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Poland may push back euro rollout to 2012


BRUSSELS, Sept 15 (Reuters) - The Polish government could step back from the ambitious 2011 target for adopting the euro that it set just last week and actually begin using the currency only in 2012, a senior government source said. Polish Prime Minister Donald Tusk surprised investors and financial markets on Sept. 10 by setting the target date at 2011, much earlier than most economists had predicted. The Polish central bank described the target as very ambitious, adding that the government had not consulted it on the date, and some European Union diplomats privately said the deadline was tight almost to the point of being unachievable.

The source, who is closely involved in decision-making, said Poland could now reinterpret the 2011 target as the date it secures a final EU decision to join the zone rather than having euro banknotes and coins actually in circulation. "One can say that a country joins the euro zone when a final decision on that is taken, when nothing can stop the euro. We can say Slovakia is already in the euro zone," the source told Reuters, asking not to be named. Financial markets had interpreted the Polish target as meaning it would put the euro into circulation in 2011.

EU finance ministers gave their final approval for Slovakia's bid to join the euro zone in July and set the irrevocable exchange rate between the crown and the euro. Euros will appear in circulation in Slovakia on Jan. 1, 2009. The source likened this to Poland seeking the EU's final go-ahead for the euro in mid-2011 and putting the euro into circulation on Jan. 1, 2012. A country about to start using euros normally has dual pricing in shops, but euros are accepted as a means of payment only informally and the country can still have different interest rates from those set by the European Central Bank.

In Slovakia's case, citizens and companies must still change currency for dealings abroad -- a business-stifling obstacle the euro was designed to eliminate.

ERM 2 - By June 2009

Under the alternative scenario, the source said Poland would in practice still have to join the ERM-2, a currency stability test before entering the euro, by June 2009 at the latest. A euro candidate must stay for two years in ERM-2, where its currency trades within a narrow band around a central parity rate. Poland would thus complete its two-year period in ERM-2 by June, 2011. The source said this would allow the European Commission to publish its recommendation on Poland's fitness to join the euro in around May 2011.

Although the Commission need not complete such a review until after the two-year qualifying period, it agreed to let Slovenia adopt the euro in May 2006, although the country was set to finish its two years in ERM-2 only in June of that year. EU leaders could give their political approval for Poland's euro entry at their summit in June 2011 and the July meeting of EU finance ministers would take a final, formal decision on the issue, the Polish source said. The option of putting euros into circulation during 2011 was still possible, the official said. There is no law stipulating that a country must join the euro zone on the first day of the year, though that has been the case until now.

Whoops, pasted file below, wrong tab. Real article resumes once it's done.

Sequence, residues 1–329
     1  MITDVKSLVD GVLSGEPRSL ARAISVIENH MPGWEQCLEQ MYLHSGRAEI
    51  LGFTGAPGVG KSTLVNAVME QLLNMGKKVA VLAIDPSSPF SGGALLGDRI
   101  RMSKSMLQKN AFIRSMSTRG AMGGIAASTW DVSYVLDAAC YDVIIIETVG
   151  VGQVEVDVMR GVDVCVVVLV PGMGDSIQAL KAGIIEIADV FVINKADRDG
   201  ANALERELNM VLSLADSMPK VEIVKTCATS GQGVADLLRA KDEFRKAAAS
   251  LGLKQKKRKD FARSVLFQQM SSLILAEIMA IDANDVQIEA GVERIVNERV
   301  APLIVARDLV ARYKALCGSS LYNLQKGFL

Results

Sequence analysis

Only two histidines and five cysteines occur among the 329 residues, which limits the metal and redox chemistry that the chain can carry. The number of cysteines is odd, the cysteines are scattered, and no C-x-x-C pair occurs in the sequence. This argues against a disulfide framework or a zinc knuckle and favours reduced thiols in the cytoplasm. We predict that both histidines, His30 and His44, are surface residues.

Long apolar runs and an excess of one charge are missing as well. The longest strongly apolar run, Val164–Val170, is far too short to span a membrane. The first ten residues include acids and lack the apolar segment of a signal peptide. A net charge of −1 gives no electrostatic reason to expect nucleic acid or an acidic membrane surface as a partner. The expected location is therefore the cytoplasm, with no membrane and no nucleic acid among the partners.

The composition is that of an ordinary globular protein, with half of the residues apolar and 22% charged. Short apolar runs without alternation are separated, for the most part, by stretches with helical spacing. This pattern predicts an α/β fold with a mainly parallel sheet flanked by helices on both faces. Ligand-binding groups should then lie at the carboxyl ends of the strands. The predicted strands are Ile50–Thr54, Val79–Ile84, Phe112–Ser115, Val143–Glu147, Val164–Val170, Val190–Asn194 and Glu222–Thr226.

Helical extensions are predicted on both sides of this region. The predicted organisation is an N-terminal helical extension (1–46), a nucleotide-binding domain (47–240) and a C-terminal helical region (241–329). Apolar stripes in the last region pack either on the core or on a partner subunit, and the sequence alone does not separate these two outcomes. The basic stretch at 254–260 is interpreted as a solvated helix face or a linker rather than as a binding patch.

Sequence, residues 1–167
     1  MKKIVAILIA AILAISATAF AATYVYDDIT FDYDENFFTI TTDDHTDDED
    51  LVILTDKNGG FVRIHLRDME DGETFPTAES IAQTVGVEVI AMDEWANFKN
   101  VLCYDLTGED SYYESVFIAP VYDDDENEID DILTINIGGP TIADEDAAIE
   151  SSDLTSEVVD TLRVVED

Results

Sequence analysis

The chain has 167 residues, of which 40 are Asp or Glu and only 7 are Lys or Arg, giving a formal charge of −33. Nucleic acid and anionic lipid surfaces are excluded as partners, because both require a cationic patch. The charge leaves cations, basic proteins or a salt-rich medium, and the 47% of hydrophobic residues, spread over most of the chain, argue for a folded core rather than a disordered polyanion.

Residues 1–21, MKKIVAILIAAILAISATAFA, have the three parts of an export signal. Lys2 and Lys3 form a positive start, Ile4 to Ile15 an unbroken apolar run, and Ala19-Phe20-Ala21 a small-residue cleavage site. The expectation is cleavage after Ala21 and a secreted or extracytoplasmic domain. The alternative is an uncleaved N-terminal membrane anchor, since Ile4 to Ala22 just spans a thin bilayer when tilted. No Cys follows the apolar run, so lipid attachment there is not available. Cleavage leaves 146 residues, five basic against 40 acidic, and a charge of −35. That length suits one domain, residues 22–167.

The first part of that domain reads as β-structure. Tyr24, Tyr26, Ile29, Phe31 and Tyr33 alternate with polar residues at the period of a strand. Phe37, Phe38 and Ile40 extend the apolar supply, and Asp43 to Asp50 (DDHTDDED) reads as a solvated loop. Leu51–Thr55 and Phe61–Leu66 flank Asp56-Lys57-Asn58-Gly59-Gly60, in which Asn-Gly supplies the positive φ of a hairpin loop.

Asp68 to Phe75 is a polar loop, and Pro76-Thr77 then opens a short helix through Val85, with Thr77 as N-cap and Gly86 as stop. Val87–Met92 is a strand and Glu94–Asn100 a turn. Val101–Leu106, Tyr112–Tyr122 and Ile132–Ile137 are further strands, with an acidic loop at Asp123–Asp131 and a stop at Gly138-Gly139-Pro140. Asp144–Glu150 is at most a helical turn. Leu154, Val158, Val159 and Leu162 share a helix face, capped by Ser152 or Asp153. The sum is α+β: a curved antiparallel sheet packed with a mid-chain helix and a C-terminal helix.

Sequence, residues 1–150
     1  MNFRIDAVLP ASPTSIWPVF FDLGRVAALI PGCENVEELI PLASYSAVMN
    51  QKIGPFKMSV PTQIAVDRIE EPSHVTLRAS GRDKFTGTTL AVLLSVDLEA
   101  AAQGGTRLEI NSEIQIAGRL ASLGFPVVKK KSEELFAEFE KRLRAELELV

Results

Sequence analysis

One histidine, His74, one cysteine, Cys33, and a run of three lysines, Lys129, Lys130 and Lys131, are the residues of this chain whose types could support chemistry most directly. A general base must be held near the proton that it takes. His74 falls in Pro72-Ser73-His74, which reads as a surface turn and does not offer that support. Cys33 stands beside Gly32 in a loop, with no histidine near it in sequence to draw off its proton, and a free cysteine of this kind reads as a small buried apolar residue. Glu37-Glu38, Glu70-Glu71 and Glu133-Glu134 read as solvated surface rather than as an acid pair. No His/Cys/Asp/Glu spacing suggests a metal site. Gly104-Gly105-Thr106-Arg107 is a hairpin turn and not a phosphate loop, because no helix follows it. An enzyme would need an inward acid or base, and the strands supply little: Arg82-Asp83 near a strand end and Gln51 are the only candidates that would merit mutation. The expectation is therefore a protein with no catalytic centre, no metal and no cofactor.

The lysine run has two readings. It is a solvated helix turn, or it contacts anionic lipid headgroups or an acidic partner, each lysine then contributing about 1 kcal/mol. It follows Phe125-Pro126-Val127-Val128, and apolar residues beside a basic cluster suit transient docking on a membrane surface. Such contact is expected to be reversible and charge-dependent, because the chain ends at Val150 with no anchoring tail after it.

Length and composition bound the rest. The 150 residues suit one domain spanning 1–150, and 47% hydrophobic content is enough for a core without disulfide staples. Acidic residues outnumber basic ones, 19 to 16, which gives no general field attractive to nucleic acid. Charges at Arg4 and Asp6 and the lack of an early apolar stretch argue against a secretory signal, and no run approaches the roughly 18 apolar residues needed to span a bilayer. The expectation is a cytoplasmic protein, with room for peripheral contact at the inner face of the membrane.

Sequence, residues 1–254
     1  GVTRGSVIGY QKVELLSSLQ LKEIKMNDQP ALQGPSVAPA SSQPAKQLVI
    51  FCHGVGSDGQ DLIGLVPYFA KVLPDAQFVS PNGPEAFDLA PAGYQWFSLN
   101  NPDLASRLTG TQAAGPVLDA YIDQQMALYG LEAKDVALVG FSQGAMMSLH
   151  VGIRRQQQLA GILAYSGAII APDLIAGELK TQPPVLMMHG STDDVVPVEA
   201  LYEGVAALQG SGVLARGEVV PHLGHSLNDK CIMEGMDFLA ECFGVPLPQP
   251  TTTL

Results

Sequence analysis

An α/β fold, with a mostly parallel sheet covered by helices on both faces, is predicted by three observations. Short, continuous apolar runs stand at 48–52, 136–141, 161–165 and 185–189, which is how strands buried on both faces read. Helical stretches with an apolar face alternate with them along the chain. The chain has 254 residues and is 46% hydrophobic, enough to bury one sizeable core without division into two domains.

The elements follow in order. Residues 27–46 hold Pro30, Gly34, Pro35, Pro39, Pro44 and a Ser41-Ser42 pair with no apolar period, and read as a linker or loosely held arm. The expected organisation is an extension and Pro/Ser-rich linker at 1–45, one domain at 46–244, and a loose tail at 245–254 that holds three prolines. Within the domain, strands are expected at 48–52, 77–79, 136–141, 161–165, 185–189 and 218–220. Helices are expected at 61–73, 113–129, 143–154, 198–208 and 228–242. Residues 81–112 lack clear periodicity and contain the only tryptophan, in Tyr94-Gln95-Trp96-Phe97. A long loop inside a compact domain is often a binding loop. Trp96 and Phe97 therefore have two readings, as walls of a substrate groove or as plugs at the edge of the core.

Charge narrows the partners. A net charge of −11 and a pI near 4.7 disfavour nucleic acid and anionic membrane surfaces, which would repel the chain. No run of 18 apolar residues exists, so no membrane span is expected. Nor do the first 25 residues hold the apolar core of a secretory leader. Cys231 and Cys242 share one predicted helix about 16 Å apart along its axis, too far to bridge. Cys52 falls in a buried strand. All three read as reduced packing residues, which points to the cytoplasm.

Tusk is widely seen as a pinhead and this episode will not enhance his rep. Not consulting your central bank on a money reform is about as stupid as it gets.

The advantage of 1st January as a changeover date is of course that you have a number of holidays in a row with low money velocity.



--- Quote ---Tusk is widely seen as a pinhead and this episode will not enhance his rep. Not consulting your central bank on a money reform is about as stupid as it gets.
--- End quote ---

Next he will announce a trip to the moon.  :o


Poland needs to alter its constitution to enter the euro zone and the change should come before the country joins the ERM-2 exchange rate mechanism, central bank governor Slawomir Skrzypek said on Wednesday. His remarks are likely to irk Prime Minister Donald Tusk's centre-right government, which is expected to take Poland into the ERM-2 antechamber in early 2009 to meet its target of getting Poland ready by 2011 for final euro zone entry.

"I wouldn't like to speak for all (members of the central bank's Monetary Policy Council) but I think nobody who knows our constitution doubts such a change is necessary," Skrzypek told a news conference after the MPC kept interest rates on hold. "Before entering the ERM-2 mechanism... the task of changing the constitution should be clearly resolved and finalised," said Skrzypek, appointed by the country's last conservative administration who were sceptical on early euro adoption.

The constitution says the central bank alone conducts monetary policy and the issue of coins and notes in Poland -- tasks for which the European Central Bank is responsible in countries in the euro zone.  The government will need the support of at least some members of the main conservative, eurosceptic opposition Law and Justice party (PiS) to change Poland's constitution. PiS has said it is opposed to hurrying in to the euro.

Commenting on Tusk's euro decision, Skrzypek said on Wednesday: "The declaration... may potentially change our way of looking at future inflation trends and also the future path of interest rates." In its Wednesday statement on rates, the MPC said bringing inflation down in the medium term may require further monetary tightening, though it also expressed concern about slowing economic growth. Inflation stood at 4.8 percent in August, well above the central bank's 2.5 percent target.


My personal opinion: Poland euro adoption for 2012 is still very aggressive.



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